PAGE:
Fix Medicaid, Don't Expand It
When the Supreme Court decided Obamacare's massive expansion of Medicaid would be an unconstitutional "gun to the head" of states -- which would have forced states to either expand Medicaid or lose all federal Medicaid dollars -- the Court solved one problem for states but created another. States now have to decide whether to voluntarily accept Obamacare's Medicaid dollars or develop their own, innovative ways to serve their state's low-income populations.
We believe the more responsible and compassionate solution is to reform, rather than expand, Medicaid.
First, why expand a program that is already denying care at an alarming rate?
Medicaid proves the axiom that access to a government health care program is not the same access to health care. In fact, some studies even show that many patients on Medicaid may have poorer outcomes than Americans with no insurance at all.
Today, only a fraction of providers even accept Medicaid patients. As a result, patients have a hard time accessing care. Surveys indicate that about one-third of physicians nationally are unwilling to accept new Medicaid patients.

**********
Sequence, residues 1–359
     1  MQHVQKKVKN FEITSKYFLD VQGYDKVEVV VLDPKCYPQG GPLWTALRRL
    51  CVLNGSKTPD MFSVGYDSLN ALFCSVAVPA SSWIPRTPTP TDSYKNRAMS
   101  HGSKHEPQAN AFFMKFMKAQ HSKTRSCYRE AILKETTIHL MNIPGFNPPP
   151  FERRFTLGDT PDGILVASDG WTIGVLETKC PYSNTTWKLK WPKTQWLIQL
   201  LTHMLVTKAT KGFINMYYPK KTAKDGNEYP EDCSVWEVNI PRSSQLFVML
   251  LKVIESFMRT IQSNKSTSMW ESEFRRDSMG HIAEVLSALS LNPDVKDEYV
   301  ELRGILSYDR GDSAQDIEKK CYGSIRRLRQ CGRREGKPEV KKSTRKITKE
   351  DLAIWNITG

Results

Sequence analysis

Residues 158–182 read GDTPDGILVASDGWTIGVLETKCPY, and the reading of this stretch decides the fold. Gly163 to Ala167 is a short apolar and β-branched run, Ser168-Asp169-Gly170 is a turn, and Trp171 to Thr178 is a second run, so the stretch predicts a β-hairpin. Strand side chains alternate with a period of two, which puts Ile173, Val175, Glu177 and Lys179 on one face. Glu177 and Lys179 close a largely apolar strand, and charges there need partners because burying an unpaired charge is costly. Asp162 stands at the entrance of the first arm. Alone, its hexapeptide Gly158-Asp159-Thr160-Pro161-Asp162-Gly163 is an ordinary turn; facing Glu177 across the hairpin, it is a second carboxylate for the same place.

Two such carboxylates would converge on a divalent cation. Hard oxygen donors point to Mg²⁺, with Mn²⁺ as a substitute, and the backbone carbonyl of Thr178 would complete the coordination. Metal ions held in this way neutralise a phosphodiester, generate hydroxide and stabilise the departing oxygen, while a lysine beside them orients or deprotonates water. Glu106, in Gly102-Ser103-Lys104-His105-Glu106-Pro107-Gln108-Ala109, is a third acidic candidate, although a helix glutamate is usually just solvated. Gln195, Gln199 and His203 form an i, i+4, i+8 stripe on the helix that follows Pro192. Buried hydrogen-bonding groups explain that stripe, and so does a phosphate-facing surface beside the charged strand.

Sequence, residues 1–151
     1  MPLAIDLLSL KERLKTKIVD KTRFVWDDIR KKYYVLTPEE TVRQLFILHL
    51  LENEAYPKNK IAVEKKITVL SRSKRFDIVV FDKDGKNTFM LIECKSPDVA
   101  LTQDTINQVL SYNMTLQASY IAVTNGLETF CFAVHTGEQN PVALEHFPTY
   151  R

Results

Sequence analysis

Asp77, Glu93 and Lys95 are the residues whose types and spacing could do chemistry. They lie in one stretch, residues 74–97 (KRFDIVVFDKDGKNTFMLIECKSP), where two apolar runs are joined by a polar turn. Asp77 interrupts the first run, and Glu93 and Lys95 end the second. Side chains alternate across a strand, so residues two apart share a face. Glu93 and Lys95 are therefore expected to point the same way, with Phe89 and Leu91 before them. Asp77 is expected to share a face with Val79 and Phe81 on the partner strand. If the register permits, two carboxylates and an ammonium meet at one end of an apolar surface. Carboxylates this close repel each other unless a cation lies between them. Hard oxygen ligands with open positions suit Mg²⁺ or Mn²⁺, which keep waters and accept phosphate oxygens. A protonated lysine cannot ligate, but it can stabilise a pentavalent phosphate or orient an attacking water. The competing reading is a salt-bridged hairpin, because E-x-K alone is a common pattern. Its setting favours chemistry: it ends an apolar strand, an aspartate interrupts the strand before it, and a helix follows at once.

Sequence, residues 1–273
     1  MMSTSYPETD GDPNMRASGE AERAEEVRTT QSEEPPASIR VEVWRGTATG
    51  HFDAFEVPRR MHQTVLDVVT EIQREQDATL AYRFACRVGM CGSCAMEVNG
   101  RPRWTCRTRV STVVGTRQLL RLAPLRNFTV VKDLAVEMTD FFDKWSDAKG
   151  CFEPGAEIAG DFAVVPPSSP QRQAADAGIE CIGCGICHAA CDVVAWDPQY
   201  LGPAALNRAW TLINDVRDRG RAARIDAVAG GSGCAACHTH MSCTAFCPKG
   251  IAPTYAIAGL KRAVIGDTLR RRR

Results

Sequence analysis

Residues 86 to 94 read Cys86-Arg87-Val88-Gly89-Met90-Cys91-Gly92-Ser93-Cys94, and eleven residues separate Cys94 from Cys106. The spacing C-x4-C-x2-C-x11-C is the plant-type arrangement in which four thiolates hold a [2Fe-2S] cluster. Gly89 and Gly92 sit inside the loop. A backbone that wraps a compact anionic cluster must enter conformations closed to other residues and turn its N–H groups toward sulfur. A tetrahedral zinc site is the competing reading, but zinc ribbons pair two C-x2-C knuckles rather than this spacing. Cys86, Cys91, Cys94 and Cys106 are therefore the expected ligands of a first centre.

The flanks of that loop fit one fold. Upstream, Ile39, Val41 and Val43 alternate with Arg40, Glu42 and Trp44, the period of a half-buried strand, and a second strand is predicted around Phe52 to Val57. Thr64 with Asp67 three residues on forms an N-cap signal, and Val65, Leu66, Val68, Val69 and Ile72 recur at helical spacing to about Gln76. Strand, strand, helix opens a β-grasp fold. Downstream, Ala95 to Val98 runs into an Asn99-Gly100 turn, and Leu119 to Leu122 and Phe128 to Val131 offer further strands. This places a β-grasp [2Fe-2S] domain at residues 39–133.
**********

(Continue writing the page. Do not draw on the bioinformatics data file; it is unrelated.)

A 2010 study concluded that Medicaid patients were more likely to die than those with private insurance, and their hospital stays were more than 40 percent longer while costing 25 percent more.
Second, expanding the program shifts Medicaid's focus away from the poor.
The Supreme Court found Obamacare's forced Medicaid expansion would have fundamentally changed the nature of the program. They were right. Medicaid was designed to be a safety net for certain low-income Americans with special needs - mothers and children and the long-term aged, blind, and disabled - not an entitlement program for Americans with the means to make reasonable contributions to the cost of their coverage.
Expanding Medicaid would undermine the private market and essentially herd Americans into government-run "care." But let's remember, that was the President's original goal in the first place. Researchers from Harvard and Boston University have found that a large portion of the newly covered population under Medicaid could have had, or been eligible for, private coverage. They conclude, "the Medicaid expansion provisions of [Obamacare] will shift workers and their families from private to public insurance without reducing the number of uninsured very much."